Modes and duration
- Full-time: 3 years
- Part-time: 5 years
Tuition Fees (2015/16)
- £4,635 (FT) £2,315 (PT)
- £16,690 (FT) £8,500 (PT)
- Scholarship applicants:
- 1 January 2015
An undergraduate degree in English Literature or a related subject is a pre-requisite for this programme, and a UK Master’s degree in a relevant discipline, or an overseas qualification of an equivalent standard will normally be required.
The English language level for this programme is: Good
Further information can be found on our English language requirements page.
Country-specific information, including details of when UCL representatives are visiting your part of the world, can be obtained from the International Students website.
International applicants can find out the equivalent qualification for their country by selecting from the list below.
Select your country:
- The History of the English language
- Corpus Linguistics
- London in Literature
- Old and Middle English Manuscript Studies
- Relations between English and Insular and Continental French Writings from the 13th to the 15th Centuries
- Post-medieval Bibliography and Palaeography
- History of the Book, Textual and Editorial Theory and Practice in all Periods
- Shakespeare Studies, including Shakespeare’s London
- The Literature of the Elizabethan Court
- Women Writers of the 16th and 17th Centuries
- Classicism in 17th and 18th Century Literary Culture
- Literature and Science in the 17th and 18th Centuries
- Revolutionary Writings in the Romantic Period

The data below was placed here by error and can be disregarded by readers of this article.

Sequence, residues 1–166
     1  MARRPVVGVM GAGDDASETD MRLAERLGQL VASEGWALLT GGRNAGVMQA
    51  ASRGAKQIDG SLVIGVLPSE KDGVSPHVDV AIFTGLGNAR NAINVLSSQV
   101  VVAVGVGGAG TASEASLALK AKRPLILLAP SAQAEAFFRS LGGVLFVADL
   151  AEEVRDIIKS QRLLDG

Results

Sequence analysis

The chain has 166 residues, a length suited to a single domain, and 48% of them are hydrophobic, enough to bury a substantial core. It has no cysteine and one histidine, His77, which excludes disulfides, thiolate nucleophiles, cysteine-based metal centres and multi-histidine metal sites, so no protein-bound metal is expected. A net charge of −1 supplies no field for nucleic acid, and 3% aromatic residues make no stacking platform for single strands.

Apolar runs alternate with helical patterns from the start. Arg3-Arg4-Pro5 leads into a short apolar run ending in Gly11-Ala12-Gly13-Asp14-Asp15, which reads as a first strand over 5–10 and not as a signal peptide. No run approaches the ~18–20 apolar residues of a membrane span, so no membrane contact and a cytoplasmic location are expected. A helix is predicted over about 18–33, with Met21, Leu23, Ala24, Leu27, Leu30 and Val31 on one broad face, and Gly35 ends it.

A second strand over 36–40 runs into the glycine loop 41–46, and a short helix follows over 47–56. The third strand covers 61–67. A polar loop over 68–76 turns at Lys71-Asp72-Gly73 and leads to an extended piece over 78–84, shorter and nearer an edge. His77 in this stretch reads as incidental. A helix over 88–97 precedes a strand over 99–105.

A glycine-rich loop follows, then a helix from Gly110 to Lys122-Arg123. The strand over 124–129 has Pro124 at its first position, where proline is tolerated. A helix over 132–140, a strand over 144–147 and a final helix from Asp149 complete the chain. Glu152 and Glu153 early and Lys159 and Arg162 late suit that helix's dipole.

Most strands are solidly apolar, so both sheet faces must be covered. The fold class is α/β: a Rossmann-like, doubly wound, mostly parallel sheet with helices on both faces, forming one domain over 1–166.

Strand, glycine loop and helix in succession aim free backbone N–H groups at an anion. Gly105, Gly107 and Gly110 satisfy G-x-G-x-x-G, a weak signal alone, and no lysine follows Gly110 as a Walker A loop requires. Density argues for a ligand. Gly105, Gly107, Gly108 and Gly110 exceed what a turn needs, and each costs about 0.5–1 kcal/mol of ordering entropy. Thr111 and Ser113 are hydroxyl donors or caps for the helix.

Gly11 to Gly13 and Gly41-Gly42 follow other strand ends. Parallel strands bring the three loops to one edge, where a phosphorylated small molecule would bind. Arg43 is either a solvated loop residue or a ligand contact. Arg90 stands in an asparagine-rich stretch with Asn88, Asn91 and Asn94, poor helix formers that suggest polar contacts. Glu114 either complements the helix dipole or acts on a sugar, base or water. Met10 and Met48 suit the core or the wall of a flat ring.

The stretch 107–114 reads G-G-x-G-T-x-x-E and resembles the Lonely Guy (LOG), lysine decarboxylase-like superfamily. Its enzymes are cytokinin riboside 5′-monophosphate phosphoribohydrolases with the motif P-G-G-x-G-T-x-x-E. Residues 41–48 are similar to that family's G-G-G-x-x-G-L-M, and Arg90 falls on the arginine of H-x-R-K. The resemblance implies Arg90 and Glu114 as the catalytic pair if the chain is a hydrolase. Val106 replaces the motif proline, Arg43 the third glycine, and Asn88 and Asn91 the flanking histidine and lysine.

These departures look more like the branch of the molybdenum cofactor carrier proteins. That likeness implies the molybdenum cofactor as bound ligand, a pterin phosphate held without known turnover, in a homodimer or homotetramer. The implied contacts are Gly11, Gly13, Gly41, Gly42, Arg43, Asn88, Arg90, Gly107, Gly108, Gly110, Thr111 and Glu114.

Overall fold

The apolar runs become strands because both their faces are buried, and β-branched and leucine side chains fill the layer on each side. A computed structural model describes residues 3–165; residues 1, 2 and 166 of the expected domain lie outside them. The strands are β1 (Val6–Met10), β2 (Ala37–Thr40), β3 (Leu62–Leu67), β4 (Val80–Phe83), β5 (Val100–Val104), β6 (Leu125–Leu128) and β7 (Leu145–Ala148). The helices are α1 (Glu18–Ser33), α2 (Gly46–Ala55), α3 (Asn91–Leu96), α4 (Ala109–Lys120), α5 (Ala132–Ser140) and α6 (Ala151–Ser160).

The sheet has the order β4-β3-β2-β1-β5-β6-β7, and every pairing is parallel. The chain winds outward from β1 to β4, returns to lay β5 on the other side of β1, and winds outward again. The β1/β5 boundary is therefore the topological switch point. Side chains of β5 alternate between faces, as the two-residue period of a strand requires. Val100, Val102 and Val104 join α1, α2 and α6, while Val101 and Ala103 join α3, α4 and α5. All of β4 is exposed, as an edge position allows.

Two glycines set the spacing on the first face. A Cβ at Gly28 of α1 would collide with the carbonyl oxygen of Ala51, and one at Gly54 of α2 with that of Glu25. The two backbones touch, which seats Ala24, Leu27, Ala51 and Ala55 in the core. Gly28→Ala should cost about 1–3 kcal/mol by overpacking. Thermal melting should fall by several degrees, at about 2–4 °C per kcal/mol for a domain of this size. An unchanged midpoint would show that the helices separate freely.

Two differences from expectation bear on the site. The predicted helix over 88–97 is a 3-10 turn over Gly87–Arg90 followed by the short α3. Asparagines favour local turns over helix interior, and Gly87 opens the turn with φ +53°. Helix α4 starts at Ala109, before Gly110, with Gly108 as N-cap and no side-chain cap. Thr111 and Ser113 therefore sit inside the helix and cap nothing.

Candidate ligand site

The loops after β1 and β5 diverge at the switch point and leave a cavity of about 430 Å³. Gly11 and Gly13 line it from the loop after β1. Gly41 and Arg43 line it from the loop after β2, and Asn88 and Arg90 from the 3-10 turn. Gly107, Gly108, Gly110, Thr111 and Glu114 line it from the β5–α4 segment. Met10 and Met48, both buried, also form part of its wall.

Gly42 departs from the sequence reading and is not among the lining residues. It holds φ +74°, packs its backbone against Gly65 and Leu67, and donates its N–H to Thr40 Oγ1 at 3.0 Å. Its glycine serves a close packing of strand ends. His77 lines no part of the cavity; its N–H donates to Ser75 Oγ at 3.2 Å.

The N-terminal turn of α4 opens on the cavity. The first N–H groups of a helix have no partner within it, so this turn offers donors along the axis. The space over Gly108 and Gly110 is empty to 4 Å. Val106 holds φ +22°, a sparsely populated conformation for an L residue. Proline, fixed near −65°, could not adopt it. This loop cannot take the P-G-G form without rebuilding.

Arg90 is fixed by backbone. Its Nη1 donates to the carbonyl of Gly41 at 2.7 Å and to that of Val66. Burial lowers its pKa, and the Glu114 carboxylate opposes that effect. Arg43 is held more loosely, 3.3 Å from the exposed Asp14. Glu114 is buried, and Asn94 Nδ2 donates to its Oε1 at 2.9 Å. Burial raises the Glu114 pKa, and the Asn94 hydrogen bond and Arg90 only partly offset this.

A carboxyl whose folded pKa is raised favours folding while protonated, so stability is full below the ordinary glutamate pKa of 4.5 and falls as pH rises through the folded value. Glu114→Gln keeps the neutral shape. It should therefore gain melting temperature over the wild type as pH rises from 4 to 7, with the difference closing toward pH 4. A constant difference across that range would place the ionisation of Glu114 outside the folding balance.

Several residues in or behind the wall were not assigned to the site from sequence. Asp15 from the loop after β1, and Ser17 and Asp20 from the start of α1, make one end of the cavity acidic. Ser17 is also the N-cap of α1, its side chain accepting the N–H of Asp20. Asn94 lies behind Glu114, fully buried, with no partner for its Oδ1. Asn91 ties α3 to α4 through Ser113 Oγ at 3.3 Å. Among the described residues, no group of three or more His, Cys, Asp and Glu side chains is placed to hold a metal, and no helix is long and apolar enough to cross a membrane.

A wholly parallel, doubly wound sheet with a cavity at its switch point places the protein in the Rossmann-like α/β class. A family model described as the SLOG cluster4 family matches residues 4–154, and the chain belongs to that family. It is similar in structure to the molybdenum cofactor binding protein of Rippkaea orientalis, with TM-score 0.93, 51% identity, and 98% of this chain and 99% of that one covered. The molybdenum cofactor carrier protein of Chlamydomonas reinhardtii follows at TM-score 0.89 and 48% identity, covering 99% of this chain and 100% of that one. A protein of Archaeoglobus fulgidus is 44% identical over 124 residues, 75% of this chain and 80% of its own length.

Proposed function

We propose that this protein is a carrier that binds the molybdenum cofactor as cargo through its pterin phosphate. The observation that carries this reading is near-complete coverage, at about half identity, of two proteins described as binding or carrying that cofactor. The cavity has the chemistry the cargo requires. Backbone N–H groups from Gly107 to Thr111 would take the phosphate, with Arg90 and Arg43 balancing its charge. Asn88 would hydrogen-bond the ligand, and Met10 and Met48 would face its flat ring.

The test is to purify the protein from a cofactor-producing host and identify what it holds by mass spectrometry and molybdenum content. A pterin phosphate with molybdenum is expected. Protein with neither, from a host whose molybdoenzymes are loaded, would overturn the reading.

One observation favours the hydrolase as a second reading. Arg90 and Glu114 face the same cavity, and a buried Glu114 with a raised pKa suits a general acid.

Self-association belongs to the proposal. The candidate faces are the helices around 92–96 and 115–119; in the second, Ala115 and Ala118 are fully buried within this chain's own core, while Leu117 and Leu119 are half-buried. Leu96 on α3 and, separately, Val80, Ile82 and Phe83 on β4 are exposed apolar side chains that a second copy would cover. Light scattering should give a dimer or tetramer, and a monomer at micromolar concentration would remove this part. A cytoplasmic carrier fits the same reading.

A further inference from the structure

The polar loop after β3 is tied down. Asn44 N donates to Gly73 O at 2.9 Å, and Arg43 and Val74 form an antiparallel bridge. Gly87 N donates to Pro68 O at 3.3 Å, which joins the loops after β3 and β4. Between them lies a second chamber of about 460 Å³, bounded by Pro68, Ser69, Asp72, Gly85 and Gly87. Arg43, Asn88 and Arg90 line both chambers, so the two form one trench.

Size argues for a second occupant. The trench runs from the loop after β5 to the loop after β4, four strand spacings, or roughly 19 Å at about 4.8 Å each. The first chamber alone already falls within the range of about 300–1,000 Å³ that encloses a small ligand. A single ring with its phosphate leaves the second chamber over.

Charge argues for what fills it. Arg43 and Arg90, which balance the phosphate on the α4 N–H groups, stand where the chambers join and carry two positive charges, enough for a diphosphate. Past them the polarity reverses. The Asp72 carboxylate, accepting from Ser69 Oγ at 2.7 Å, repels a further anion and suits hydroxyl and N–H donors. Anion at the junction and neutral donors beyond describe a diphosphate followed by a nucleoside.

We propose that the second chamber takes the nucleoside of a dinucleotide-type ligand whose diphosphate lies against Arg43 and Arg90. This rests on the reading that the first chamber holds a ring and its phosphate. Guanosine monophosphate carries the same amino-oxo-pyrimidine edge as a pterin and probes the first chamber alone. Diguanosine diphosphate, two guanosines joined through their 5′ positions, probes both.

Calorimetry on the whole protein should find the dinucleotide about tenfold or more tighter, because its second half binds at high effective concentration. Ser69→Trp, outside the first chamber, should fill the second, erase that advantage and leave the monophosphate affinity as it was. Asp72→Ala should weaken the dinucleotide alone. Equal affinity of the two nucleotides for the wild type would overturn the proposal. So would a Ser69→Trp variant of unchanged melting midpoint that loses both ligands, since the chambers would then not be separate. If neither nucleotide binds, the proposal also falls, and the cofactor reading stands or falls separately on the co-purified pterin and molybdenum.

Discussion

- Freud and Psychoanalysis in Literary Culture
- Homosexuality and Literary History
- Literature and Technology in Late 19th-century and Early 20th-century Literature
- Victorian and Edwardian Writings on Sexuality and Adolescence
- Contemporary Poetry
AHRC grants are available for UK/EU English PhD applicants who are applying to start a research degree in 2015. Applications are made directly to the London Arts and Humanities Partnership (LAHP), who administer the awarding of AHRC funding at UCL. AHRC funding covers all fees, as well as providing a stipend for living expenses, for three years. If you have any questions about the application process please contact James Phillips.
Three Wolfson Postgraduate Scholarships in the Humanities are normally available for PhD students starting in 2015 in the areas of language, history and literature. The Wolfson Scholarship, like the AHRC grant, provides full funding including living expenses for three years. The intention is that Wolfson Scholarships will be awarded to outstanding students who demonstrate the potential to make an impact on their chosen field and are awarded solely on academic merit.
More scholarships are listed on the scholarships website
Recent graduates have taken up academic posts at the Universities of Oxford, Nottingham and Greenwich and at UCL.
Top career destinations for this degree
- Lecturer, Queen Mary (University of London) (2014)
- Lecturer, University of Reading (2013)
- Junior Research Fellow, University of Oxford (2013)
- Teaching Fellow, UCL (2013)
- Sessional Instructor, Simon Fraser University, British Columbia (2011)
As the UCL English Department has been the highest-ranked English Department in the country for the last three years, UCL English graduates are particularly well regarded by employers, both within academia and in the wider world.
The Department offers many graduates the opportunity of doing a limited amount of teaching, either of seminars or tutorials or both. PhD students organise a one-day conference each year; many of the papers delivered at the conference are published in Movable Type, the Department's graduate-led online journal. There are regular Graduate Research Seminars, where current students can present their work to academic audiences.